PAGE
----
BENCHMARKING THE BENCHMARKS….As part of All-ISG-All-The-Time Day here at the Washington Monthly, here’s a handy reference chart of the main recommendations made in the ISG report. I haven’t included every single recommendation here, but most of them are listed along with my guess about whether there’s any chance of George Bush taking them seriously:
Bush’s Likely Reaction
“New Diplomatic Offensive.” Talk to Syria and Iran. Hold a conference of all regional players.
Bush has already said he won’t talk to Syria and Iran. The regional conference is a possibility, but without Syria and Iran it’s probably little more than fig leaf.
Restart the Israeli-Palestinian peace process.
Bush has never shown any interest in this.
Set various milestones for the Iraqi government. Push hard on national reconciliation.
Bush will probably say that these things are already being pursued. However, if Zalmay Khalilzad couldn’t get them done, who can? It’s unlikely that Bush will appoint anyone who can make serious progress on this.
Increase U.S. advisory role in Iraqi military units. Withdraw combat troops by 2008.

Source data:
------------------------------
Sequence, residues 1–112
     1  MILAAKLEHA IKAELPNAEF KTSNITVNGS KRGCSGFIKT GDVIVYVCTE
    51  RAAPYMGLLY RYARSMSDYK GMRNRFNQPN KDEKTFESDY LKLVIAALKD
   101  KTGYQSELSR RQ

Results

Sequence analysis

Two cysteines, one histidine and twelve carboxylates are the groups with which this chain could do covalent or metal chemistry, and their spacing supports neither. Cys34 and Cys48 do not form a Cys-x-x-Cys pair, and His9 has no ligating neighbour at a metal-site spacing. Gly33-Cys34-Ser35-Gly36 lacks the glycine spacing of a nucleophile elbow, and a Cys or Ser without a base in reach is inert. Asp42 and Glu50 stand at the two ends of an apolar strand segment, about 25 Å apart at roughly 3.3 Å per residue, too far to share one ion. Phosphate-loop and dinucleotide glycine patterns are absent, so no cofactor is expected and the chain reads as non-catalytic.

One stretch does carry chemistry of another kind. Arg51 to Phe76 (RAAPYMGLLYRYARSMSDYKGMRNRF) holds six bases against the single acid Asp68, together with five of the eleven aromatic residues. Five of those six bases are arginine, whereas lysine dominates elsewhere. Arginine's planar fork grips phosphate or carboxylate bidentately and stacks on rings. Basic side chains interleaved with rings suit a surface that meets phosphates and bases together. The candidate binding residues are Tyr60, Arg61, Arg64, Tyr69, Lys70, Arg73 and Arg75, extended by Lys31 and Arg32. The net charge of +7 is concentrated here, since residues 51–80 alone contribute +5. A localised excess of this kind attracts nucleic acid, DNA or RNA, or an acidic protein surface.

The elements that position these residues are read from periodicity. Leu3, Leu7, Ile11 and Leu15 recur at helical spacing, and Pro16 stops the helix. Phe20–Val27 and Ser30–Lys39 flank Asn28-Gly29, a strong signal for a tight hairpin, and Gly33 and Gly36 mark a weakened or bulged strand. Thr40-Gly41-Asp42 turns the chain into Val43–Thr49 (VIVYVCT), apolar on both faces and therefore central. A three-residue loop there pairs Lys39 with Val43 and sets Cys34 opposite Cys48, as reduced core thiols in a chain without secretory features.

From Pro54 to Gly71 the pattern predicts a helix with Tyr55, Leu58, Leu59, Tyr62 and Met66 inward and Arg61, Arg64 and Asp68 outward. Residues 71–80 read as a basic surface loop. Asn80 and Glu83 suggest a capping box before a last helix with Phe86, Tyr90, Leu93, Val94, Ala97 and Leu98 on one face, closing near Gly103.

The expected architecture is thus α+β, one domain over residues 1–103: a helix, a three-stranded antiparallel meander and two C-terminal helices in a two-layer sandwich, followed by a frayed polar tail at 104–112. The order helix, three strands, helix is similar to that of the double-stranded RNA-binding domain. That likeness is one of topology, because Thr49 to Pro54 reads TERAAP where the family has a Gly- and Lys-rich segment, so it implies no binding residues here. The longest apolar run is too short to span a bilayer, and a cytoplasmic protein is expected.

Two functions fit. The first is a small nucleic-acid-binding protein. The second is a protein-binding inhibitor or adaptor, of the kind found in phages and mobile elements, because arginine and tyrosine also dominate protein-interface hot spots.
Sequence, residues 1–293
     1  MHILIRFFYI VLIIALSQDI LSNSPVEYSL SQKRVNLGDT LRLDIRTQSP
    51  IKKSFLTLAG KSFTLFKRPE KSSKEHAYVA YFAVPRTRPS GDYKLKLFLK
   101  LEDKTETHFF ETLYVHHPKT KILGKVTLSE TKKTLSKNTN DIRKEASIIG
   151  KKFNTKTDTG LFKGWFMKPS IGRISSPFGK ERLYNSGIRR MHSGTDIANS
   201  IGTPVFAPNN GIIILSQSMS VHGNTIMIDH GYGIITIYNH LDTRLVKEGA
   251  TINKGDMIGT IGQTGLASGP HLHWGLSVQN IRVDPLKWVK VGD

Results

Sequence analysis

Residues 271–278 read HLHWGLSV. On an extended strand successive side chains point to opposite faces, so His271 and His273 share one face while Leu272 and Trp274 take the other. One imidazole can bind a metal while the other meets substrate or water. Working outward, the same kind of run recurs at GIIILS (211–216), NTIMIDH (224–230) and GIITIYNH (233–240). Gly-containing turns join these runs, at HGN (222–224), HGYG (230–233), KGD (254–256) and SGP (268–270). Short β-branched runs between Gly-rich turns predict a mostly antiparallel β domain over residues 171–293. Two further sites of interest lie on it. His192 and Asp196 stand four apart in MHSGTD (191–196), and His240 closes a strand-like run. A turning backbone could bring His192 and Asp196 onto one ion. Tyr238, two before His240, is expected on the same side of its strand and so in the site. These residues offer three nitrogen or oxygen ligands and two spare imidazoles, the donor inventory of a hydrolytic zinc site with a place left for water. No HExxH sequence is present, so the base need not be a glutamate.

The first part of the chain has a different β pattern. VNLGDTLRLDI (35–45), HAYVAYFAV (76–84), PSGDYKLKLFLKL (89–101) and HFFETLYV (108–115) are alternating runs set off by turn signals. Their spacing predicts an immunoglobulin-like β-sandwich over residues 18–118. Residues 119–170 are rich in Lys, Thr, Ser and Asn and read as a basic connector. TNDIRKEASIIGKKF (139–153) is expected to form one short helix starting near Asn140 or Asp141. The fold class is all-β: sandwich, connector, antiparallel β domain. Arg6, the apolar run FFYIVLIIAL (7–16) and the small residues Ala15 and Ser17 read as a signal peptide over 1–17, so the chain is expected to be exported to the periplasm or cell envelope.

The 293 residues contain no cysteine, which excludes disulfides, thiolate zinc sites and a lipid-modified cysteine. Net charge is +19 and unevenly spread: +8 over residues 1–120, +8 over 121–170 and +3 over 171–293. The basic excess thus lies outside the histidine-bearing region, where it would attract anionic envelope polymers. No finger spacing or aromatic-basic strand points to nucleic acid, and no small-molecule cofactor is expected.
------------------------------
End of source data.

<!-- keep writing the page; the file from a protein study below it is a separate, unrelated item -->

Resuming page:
Nonstarter. Bush will never agree to this.
Transfer the Iraqi National Police and the Border Police to the Ministry of Defense. Various suggestions for U.S. training of Iraqi police.
Hard to say what Bush thinks about this. Most likely he doesn’t care much. More to the point, though, it’s not clear that the United States has the influence or authority to make this happen.
Increase U.S. economic assistance. Include more international participation.
He might push for this. Hard to say for sure, though, and also hard to say if Congress has much stomach for it unless there’s some reason to think it will be more effective than past reconstruction efforts.
Obviously these are just guesses on my part, though Bush himself has already given short shrift to the idea of talks with Syria and Iran, as well as the recommendation to begin withdrawing combat troops. In any case, regardless of whether the ISG’s recommendations have any chance of working, it strikes me that Bush will be unwilling to take very many of them seriously. Expect lots of weasel words but not much serious action.